The lack of space in our hobby is generally discussed from a layout size perspective. Everyone dream of a basement empire and, supposedly, the success of model railroading is measured in similar way we assess the Roman empire successes in term of territorial addition. However, issues with available space can be much more complex than find a fitting room for a layout. It has been proven more than once layouts of any shape and size can share the same amount of interest.
Unfortunately, stuff like tools, working space and storage can hardly be compressed. Many people will work with very minimal space and it is certainly doable. But as you collection of rolling stock, locomotives, parts, scratchbuilding supplies and tool grow, the kitchen table and office desk aren’t no longer viable solutions.
Over the last decade, I’ve been pursuing my hobby at my office desk. It’s a cluttered surface about 10 sq. ft. with an effective working area barely the size of a small cutting mat. Parts and supplies are stored as best as I can in cardboard boxes in various cupboards around the house. While I know were my stuff is generally stored, it happens I make serendipitous discoveries of parts I forgot I ever bought. Another problem is raised by working on multiple projects at a time. I’ve learned that when working on my Harlem Station layout fleet. Models in various stage of completion were all over the place. The final nail in the coffin is the spray booth which Louis-Marie built a few months ago. It sits in the middle on the room, on cardboard boxes near a window. Far to be efficient and certainly bulky!
While a part of the problem is due to my lack of organization, I must recognize conditions aren’t there to improve the situation. It why, as my home renovations progress, I’ve been thinking about creating a decent workshop in my basement.
|Hobby room first rough sketch.|
This is a basic concept that will have to be refined over the months, but it gives a general idea of what I’d like to achieve. First, it would be a dual purpose room serving as a workshop and a layout room. Minimal parameters are that aisle around my Harlem Station layout should be minimally 3 feet large. Going under that dimension would be foolish. Second, storage space should be plentiful and varied to accommodate the collection, supplies and tools.
I imagine a long workbench with storage units for tools and supplies. One section could be dedicated to painting with the spray booth conveniently located near the exterior wall. It would also provide some space for vats used to strip paint from model. A long DCC test track would be available to program and test locomotives. Under the working surface, several drawers would be handy for parts, tools and supplies. Over the workbench, I imagine various shelves to store ongoing projects.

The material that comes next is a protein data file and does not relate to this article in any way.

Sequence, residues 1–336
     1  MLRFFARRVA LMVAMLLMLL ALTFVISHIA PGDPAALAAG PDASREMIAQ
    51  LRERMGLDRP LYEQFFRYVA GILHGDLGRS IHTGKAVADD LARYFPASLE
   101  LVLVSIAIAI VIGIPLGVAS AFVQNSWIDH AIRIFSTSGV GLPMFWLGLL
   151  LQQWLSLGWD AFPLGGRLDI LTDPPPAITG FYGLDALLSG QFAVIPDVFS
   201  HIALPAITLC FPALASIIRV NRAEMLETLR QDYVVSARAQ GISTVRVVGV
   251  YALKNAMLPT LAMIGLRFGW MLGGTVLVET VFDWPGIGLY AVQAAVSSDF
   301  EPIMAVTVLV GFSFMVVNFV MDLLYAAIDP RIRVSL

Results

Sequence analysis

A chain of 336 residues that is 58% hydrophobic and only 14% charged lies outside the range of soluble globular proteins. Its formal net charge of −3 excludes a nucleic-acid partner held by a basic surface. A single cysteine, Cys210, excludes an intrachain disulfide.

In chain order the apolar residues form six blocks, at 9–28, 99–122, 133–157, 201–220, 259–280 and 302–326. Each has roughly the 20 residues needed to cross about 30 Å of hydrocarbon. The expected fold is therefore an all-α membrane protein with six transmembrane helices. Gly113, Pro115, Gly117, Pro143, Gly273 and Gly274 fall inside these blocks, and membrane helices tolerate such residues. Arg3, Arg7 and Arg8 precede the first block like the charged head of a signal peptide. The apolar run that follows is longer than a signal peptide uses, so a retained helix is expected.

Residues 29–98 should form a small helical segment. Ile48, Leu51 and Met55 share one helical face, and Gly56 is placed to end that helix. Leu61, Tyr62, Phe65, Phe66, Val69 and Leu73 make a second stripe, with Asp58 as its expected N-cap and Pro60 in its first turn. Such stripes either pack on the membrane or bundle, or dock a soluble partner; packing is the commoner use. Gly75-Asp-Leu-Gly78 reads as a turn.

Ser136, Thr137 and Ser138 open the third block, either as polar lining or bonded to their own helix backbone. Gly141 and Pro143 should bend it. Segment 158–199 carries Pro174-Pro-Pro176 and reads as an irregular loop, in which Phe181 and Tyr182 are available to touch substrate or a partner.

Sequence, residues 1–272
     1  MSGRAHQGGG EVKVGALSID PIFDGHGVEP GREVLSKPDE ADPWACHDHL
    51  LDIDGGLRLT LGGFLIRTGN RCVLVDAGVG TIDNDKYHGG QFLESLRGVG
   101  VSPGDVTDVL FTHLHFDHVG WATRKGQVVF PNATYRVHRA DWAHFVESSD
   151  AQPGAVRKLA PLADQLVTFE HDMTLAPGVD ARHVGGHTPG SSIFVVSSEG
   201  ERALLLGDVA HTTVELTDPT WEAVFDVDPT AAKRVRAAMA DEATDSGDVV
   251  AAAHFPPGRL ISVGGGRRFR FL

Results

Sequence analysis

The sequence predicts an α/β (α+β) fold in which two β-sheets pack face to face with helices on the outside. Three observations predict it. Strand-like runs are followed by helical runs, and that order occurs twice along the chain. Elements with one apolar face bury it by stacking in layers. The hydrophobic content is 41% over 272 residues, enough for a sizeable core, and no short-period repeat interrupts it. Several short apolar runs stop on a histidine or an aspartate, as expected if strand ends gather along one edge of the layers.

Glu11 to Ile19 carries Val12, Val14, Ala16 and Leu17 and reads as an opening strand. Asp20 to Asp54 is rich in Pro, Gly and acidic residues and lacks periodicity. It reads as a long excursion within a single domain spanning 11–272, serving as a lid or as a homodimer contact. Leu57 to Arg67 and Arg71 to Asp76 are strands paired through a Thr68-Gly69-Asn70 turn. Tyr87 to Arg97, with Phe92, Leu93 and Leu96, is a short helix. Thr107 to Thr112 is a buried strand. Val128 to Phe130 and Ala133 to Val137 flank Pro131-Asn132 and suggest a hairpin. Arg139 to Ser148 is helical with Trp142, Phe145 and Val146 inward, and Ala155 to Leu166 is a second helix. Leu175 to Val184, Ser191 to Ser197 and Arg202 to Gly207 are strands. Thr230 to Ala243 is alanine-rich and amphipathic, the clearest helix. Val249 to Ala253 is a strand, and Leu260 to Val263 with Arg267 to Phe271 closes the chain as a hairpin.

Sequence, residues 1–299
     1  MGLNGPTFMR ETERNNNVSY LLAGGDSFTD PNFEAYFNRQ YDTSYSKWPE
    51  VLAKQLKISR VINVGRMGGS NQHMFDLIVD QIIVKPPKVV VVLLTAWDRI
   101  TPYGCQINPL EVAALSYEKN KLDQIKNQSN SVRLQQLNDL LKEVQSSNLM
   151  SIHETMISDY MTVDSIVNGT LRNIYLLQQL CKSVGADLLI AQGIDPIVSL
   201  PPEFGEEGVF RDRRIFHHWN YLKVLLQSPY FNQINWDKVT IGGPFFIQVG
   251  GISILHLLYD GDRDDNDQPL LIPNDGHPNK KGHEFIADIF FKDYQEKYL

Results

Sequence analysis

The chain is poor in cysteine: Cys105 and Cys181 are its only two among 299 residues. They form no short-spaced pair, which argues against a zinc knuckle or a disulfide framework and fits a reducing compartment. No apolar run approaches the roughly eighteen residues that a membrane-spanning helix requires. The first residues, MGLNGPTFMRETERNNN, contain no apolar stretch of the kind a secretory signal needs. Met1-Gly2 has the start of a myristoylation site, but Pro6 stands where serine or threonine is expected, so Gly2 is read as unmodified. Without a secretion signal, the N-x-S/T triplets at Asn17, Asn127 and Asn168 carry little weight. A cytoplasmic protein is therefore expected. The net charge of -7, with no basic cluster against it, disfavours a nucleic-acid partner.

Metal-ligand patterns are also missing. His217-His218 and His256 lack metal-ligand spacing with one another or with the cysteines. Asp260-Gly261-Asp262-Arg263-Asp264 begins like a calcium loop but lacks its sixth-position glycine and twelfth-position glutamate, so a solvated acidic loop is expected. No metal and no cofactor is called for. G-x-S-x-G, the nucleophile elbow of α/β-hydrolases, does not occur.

On another wall, I would install shelf brackets units to display and operate various small dioramas ad switching layouts I built in the past. Nothing bulky, just something both convenient and adjustable. I could also easily imagine displaying some models over the layouts.
Finally, another wall would provide extensive storage capacities. It could be cupboards and shelves. These would be useful to store the collection in a pragmatic and efficient way. Havign several interests, I’d be pleased to dedicate various spaces to specific themes determined by our layouts (Hedley Junction, Harlem Station, St-Pie, etc.). Rolling stock could be classified according to state of completion, keeping completed models together and ongoing and future projects somewhere else.
Some will wonder why I didn’t include a possible benchwork around the room for a future layout. It could be possible, but I prefer to keep that dangerous idea at bay for the moment. I’ve got enough on my plate and still have to put Harlem Station in operation. The room itself is large and versatile enough to be adapted for a future project if my interests changes over the year. I planned the room with the future in mind, but certainly don’t want to open the door to a sprawling monster. This choice is also motivated by what I’d like to call neatness. A neat room has more appeal to me than a half finish spaced cluttered with a badly presented layout. I firmly believe the way we interact with our layouts is also a matter of presentation. For the moment, I can easily imagine Harlem Station standing in the middle of the room, at a realistic height and with excellent lighting fixtures bringing attention and life to it. I see it just like a billiard room, with the layout shining in the middle and around which we can gather and interact with the hobby. At some point, I would easily imagine installing a small wooden shelf around the layout fascia to put a glass of your favorite beverage, some switching paper work or simply rest your arms. Something comfy and finished… a real piece of furniture.
Additional notes: Keen observers will quickly find out an islant layout takes up a LOT of space in a room, particularly when you want decent aisles. An around the wall layout would certainly be much more efficient, however, at this point, it's a question of choice. It must be noted Harlem Station is a fully prototypical layout that has about 45 specific car spots and can handle up to 55 cars at once. It is packed with action and don't suffer any kind of selective compression. Operating the layout is just like operating the real thing without compromise. At this point, it can be a selling point. Also, it must be noted I'm not eager to install anything on the long stone wall because of heating, plumbing and various mechanical reasons.